Reading About Writing by Maya Tyler
There is so much advice out there about writing. Especially if you use Twitter. #writetip #writing There is an amazing sense of community among writers.
I recently joined the world of Twitter and I tend to read and re-tweet a lot of articles and tips on writing. Everyone seems to have an opinion on how to write. You could spend all your spare time reading books and articles on writing. And not writing. I don't have a lot of spare time. I spend the prerequisite time on social media (Facebook, Twitter, Goodreads) and blogging. Then it's real writing time. With the approximately five minutes I have left for me. But there is a lot of awesome advice out there. Here (in the Reader's Digest version) is some of the top advice I found most applicable to me. In no particular order.
Follow the rules. Whether it's grammer or physics, there are rules in place for a reason. I recently read that you shouldn't break writing rules unless you understand them first. And, basic things like font type and size, and margin width should always be applied. The first line of editors in the publishing world already have a ton of manuscripts to review. They are looking for any reason to reject yours. Don't let it be formatting.
Be honest. Honesty in writing is more about being true to your characters than anything else. I use a character-led approach and sometimes we have differences of opinion. Following their lead results in a more natural story. Going against the grain, trying to force something will only make your story seem awkward. Or worse, it could stall or even end it. But you have to write what you are comfortable with. If you want to steer away from a steamy sex scene, then you need to shut the bedroom door.
Write for four hours a day. This is a good idea in theory. I wish I had four hours a day to write. Unfortunately, in this stage of my life, I don't. A day job plus two young kids equals zero free time. I love my husband and my kids though. We have so much fun together and I wouldn't change a thing! So I write in five and ten minute intervals. Sometimes a little longer. I write during my lunch break at work and sometimes right after the kids go to bed. It's working for me. I have about 32k words in my current WIP.
Complete your first draft within three months. When a story idea hits me, I need to go with it. The flow starts off strong and, as time goes on, it becomes harder to write, to remember what I wanted to say, to even finish a story. I start doubting the strength of the idea and, often, I give up competely. When I read this tip, I thought that it is so true. I started my latest project two months ago and I plan to have a first draft within the next month. Editing is the hard work anyway.
Your characters are a part of you and your life. Whether you realize this or consciously insert parts of your life and personality into your creations, you have used your life experiences to fuel the credibility of your story. You may actually realize things about yourself that you didn't know.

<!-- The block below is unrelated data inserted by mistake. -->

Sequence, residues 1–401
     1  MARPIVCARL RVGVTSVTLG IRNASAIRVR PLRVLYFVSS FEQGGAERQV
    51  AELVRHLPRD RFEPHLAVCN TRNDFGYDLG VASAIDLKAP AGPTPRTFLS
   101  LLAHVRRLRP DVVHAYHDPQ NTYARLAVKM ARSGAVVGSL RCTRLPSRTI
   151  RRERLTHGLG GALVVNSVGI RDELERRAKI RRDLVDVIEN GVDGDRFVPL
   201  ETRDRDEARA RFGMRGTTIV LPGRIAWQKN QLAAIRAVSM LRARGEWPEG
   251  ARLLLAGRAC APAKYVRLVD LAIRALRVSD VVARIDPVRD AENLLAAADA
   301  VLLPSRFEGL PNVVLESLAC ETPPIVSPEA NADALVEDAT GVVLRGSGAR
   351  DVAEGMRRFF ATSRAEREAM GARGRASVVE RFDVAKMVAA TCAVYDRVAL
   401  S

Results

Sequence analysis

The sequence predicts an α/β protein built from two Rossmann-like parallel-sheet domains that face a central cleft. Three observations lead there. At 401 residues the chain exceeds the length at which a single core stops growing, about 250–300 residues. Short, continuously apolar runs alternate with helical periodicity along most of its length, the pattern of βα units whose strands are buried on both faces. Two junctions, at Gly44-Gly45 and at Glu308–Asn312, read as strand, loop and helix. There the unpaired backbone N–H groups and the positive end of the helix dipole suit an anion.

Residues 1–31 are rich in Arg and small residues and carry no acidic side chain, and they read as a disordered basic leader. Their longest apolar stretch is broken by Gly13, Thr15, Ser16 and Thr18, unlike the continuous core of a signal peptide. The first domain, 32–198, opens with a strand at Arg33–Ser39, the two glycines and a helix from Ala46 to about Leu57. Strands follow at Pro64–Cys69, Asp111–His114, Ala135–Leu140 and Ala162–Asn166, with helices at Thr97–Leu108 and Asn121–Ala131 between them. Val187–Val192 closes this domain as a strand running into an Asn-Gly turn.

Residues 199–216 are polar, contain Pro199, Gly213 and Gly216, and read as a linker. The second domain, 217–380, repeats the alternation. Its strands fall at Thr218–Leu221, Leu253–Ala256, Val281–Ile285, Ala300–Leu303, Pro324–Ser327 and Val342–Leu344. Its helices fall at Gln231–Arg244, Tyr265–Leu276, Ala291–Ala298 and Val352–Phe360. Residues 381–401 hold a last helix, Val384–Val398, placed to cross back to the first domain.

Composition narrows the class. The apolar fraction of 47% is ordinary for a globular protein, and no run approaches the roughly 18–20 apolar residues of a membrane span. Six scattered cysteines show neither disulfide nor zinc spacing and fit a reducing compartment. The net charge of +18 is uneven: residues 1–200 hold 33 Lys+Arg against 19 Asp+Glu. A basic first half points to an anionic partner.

Writing is therapy. Okay you've infused your life and experience into your story. Now for the Psychology 101. Why? Your diabolical boss is driving you crazy at work, you create an evil witch. Your sister has control issues, you develop an overprotective mother figure. It's a way to process things that are going on in your life, sometimes at a subconscious level. When I was a teenager I used to write poetry. Even when I look back, nearly twenty years later, I can still tell you which boy I had a crush on and explain all the symbolism I used. It was an outlet then and it's an outlet now. There is nothing more therapeutic than writing, especially blogging.
Blog. Or journal. Blogging is like keeping a public journal. I just write literally whatever I'm feeling at the moment. I don't get hung up on making perfect sentences. I just write. It is liberating. Being a writer is more than just writing though. First of all, you need something to write about. Second of all, you need to become a keen observer. Journaling or blogging helps to record what you observe.
Practice. How do you get better at anything? Write, write, write! Find your own style, get comfortable with the craft, push the limits. Practice makes perfect, right? Well, you may practice until your fingers are numb from typing, but that won't necessarily help you improve. You also need...
Critique partners. Someone who will give an honest, constructive opinion. Someone to add the commas you missed or tell you that you need more description in chapter three. Self-editing only takes you so far. A second pair of eyes is an essential part of the writing process.
Read. When you have time, read whatever you can get your hands on. In addition to being an enjoyable hobby, reading can be research. It can also influence what you write and the way you write. You've read three cowboy romances in a row and suddenly you are inspired to write one of your own.
You can read advice on any number of writing topics, but, at the end of the day, you must determine what works for you. Don't get hung up the all the 'shoulds' and 'should nots', just relax and tell the story you were meant to tell.